Straight Talk, by Joyce Meyer

How to Enjoy Life

Selfishness is not learned behavior—we are born with it. The Bible calls it “sin nature.” Adam and Eve sinned against God by doing what they wanted to do and what He told them not to do.

The sin principle they established was forever passed to every person who would ever be born. God sent His Son, Jesus, to die for our sins and to deliver us from them. He came to undo what Adam did.

When we accept Jesus as our Savior, He comes to live in our spirit, and if we allow that renewed part of us to rule our decisions, then we can overcome the sin nature. It doesn’t go away, but the greater one who lives in us helps us overcome it daily (see Gal. 5:16). That does not mean that we never sin, but we can improve and make progress throughout our lives.

Now, I haven’t overcome selfishness entirely, and I doubt anyone else has either. But I have hope of improving daily. I am on a journey, and although I may not arrive before Jesus comes to take me home, I have determined that He will find me pressing toward the goal (see Phil. 3:12-13).

The apostle Paul made the following statement: “It is no longer I who live, but Christ (the Messiah) lives in me” (Gal. 2:20, The Amplified Bible). Paul meant that he was no longer living for himself and his own will, but for God and His will.

I was greatly encouraged when I discovered that Paul made this statement about 20 years after he became a Christian. Learning to live unselfishly was a journey for him, just like it is for everybody else. Paul also said, “I die daily [I face death every day and die to self]” (1 Cor. 15:31).

Putting others first was a daily battle for him and required daily decisions. Each of us must decide how we will live and what we will live for, and there is no better time to do it than right now!

You and I have one life to live and one life to give. So the question is: “How then shall we live?” I firmly believe that if each of us does our part to put the welfare of others first, then we can see and be part of a revolution that has the potential to change the world.

At this point you may be thinking: What about me? Who is going to do something for me? This is usually what prevents us from living the way God wants us to live. It always comes back to “me.”

We are so accustomed to seeing our desires satisfied that the very thought of forgetting about ourselves even for one day is frightening. But if we can muster up the courage to try it, we will be amazed at the freedom and joy we experience.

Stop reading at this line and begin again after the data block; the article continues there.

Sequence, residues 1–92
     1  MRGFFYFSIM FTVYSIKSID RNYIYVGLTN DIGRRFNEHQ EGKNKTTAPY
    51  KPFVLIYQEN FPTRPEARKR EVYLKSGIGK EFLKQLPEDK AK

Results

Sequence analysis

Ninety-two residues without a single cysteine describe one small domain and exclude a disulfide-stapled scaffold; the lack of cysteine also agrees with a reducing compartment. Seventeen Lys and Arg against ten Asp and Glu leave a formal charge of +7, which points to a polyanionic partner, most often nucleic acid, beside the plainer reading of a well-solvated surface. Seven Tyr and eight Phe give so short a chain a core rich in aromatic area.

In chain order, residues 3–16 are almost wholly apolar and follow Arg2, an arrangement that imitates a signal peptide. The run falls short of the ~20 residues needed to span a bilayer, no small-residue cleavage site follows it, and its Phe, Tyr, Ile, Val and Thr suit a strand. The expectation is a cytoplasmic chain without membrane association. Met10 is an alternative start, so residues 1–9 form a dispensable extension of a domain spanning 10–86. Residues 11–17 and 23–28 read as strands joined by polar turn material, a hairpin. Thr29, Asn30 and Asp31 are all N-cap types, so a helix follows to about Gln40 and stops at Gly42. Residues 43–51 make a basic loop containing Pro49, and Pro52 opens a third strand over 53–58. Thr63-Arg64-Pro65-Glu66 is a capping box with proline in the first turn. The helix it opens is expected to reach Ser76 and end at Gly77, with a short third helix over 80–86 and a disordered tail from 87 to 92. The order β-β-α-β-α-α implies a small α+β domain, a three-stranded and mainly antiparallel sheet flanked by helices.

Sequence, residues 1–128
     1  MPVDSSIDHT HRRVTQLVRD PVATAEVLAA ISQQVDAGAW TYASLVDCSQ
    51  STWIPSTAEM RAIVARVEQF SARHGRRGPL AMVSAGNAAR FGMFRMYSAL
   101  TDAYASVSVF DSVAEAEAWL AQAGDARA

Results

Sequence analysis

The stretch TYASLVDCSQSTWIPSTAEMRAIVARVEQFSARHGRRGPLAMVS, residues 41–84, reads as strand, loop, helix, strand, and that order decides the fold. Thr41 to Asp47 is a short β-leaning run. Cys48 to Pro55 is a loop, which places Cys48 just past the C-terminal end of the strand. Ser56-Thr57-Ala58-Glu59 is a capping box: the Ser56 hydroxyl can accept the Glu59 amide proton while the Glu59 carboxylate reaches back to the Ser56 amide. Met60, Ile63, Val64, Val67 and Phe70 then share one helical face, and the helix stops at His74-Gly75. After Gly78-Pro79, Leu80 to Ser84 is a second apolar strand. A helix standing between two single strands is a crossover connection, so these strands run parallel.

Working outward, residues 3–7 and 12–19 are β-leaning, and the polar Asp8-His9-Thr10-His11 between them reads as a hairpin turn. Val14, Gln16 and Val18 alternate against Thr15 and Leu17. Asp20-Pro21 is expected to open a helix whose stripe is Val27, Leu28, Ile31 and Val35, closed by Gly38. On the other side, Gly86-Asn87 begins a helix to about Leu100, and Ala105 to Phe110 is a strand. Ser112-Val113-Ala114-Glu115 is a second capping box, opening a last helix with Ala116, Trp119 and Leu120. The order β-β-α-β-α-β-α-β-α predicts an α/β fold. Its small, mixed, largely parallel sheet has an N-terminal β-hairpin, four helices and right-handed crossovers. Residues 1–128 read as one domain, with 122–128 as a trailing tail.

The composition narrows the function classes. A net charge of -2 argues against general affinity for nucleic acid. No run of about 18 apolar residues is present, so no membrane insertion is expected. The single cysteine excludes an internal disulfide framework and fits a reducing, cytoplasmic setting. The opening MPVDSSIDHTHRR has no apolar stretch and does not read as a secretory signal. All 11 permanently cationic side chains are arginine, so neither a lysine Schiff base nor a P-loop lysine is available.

For most of my life, I started every day just thinking about me. I thought about what I wanted, what would be best for me, and how I could convince my family and friends to cooperate with my plans. Then, whenever things didn’t go my way, I became upset, impatient, frustrated and even angry.

I thought I was unhappy because I wasn’t getting what I wanted. I was unhappy because all I was doing was trying to get what I wanted without any real concern for others.

Now I know that the secret to having joy is giving my life away rather than trying to keep it. My mornings are quite different these days. Now I think about the people I will come into contact with during the day, and I ask God to show me what I can do for them.

I set my mind to encourage them and to be complimentary. Just doing this helps me keep my mind off myself. I encourage you to start your days with dedicating yourself to God so He can use you to love and help others.

Consider praying something like this: “Lord, I offer You my eyes, ears, mouth, hands, feet, heart, finances, gifts, talents, abilities, time and energy. Use me to be a blessing everywhere I go today.” When you do, God will faithfully help you live to love others.



Joyce Meyer
is a New York Times best-selling author and one of the world’s leading practical Bible teachers. She has written more than 80 books, including the popular Beauty for Ashes and Battlefield of the Mind, and her most recent, The Love Revolution (Hachette). She is also the founder of Joyce Meyer Ministries Inc. and the host of Enjoying Everyday Life radio and TV programs, which air on hundreds of stations worldwide. 

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